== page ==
In conclusion, the state of Navajo Veteran Affairs in regards to funding, housing, services, and transparency has gone unanswered. The Navajo Nation Veterans Administration, under Navajo Nation President Russell Begay and Jonathan Nez, has gone through five veteran directors, countless chiefs of staff, and no meetings, consultation, interaction, or clarifications in relation to veterans affairs has been given by Navajo Nation President Russell Begaye or the administration. The following mention is Navajo law in relation to the Navajo Nation Veterans Act that the president of the Navajo Nation has to consult with the Navajo Veterans Advisory Council. To this day, nothing.
Other issues lingering is Navajo Housing Authority Resolution NHA 4816-2018 that would end the free rental program and home buyoff program, also the Navajo Veterans Housing Program with Southwest Indian Foundation payments and other agencies that still yet to have homes built in Western, Chinle, and Northern agencies. In addition, where is or did $10.4 million in housing money go?
Well Navajo veterans, there it is. I would just like to say thank you to the 23rd Navajo Nation Council and the speaker for advocating and listening to the issues and concerns of the Navajo veterans. Many thanks on behalf of the Fort Defiance Agency veterans.
Cmdr. Olin Kieyoomia
Fort Defiance Agency
Seeking my best grade school buddy
Hello, my name is Christopher Gathe. I was hoping that you could help me find an old friend. His name is Benjamin Shorthair. He was my best friend in elementary school. We went to school at 153rd Street School in Gardena, California. We probably met in 73 and both graduated from that school in 75.
After that I went on to junior high and Benjamin said he and his family were moving back to the Navajo Reservation in Farmington. I never heard from him again.
I do not know anyone in his family, just him, so I’m hoping someone knows him in your area. He would be the same age as me. We were both born in 1963 and I am 54 years old now.
Any info you have is much appreciated. Thank you.
Navajo voters have short memories
One of the wisest men who ever lived once said, “It is impossible to feel right when you do wrong.” The teaching is simple, but a great challenge to live by in life.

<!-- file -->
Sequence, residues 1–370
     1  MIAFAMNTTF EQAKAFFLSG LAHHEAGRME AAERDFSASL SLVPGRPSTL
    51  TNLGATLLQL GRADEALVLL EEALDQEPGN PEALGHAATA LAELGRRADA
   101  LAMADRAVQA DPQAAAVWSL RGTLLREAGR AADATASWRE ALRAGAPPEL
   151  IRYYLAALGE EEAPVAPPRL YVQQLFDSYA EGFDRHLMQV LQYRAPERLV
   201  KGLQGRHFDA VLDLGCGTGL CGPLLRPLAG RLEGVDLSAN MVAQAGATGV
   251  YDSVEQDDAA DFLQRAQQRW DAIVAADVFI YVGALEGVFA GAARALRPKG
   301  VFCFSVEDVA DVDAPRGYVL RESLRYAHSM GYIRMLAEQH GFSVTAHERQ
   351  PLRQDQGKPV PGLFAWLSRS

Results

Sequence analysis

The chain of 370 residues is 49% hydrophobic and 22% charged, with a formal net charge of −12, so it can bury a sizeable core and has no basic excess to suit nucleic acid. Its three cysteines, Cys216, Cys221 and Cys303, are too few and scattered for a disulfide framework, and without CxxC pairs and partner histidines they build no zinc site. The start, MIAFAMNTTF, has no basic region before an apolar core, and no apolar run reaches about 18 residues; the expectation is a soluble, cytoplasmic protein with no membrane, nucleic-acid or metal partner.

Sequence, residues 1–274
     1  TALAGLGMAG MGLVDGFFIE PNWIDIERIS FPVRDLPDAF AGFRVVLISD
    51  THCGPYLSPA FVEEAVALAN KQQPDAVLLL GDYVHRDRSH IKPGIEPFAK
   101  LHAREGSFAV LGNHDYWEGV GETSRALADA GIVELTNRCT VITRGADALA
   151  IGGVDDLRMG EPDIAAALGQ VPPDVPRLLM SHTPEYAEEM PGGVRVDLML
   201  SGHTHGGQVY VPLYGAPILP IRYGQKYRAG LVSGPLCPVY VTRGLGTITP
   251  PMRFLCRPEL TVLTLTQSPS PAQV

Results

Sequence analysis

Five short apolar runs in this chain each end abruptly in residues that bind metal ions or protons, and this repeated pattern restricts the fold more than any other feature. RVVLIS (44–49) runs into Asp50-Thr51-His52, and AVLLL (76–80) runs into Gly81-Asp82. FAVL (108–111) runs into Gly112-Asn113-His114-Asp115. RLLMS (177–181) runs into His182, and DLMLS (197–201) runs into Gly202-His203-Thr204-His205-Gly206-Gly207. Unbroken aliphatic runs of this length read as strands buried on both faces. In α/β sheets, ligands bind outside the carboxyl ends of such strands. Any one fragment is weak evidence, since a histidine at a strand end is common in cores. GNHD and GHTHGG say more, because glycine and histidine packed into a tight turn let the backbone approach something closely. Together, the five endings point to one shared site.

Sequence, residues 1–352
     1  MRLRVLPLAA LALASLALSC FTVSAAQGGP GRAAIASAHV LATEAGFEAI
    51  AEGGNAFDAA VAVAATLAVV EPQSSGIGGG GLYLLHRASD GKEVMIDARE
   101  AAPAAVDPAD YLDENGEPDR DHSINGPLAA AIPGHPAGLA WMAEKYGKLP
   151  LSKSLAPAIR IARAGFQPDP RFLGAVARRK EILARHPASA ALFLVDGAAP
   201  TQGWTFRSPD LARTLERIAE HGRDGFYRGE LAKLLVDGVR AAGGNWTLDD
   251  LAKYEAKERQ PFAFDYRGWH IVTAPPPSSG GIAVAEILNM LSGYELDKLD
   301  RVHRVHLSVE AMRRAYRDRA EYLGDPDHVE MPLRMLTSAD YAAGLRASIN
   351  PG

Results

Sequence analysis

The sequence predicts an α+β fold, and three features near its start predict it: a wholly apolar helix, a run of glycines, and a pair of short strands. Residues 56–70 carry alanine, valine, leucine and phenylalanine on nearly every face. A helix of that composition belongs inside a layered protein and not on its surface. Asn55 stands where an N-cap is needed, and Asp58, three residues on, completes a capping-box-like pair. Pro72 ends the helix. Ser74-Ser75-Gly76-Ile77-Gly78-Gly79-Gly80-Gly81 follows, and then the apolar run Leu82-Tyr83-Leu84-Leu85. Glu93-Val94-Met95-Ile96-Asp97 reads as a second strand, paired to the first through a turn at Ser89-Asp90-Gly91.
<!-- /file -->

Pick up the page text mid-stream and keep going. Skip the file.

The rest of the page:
The two gents who came out on top in the primary voting was really no surprise. Navajos like voting for people they think they know, and Navajos are a forgiving people with very short memories.
Real leaders don’t ask us to believe in them, rather to believe in proven ideals and in ourselves. Both gents want us to believe in them, yet they both have negative political history. What a bummer.
Each candidate selected running mates we are to accept as businessmen, but we forget we hate businessmen. After all, a businessman got elected as president of the United States of America and he is creating jobs and driving the stock market crazy while talking capitalism. Everyone knows capitalism is supposed to suck.
Most of our Diné leaders like democratic socialism, and not capitalism as an economic system in government. (Examples: NTUA, NECA, NAPI, NHA, and 13 others). They like big governments that will take care of us and give us everything needed. In other words, we, along with our leaders, don’t believe in capitalism. We prefer socialized programs in health care, education, housing, economy, and all the welfare benefits (free stuff) we can get. We trust our tribal government to get all the free lunches they can get for us.
At this point we don’t care if 75 percent of our Diné voters are purged off the Navajo voter registration and we don’t care that it is only legal to purge a voter when they are dead. We don’t care if 35 percent of our 110 chapters are to be eliminated. We don’t care if all grazing permits, home and business site leases are to be completely controlled and owned by the tribal and federal governments.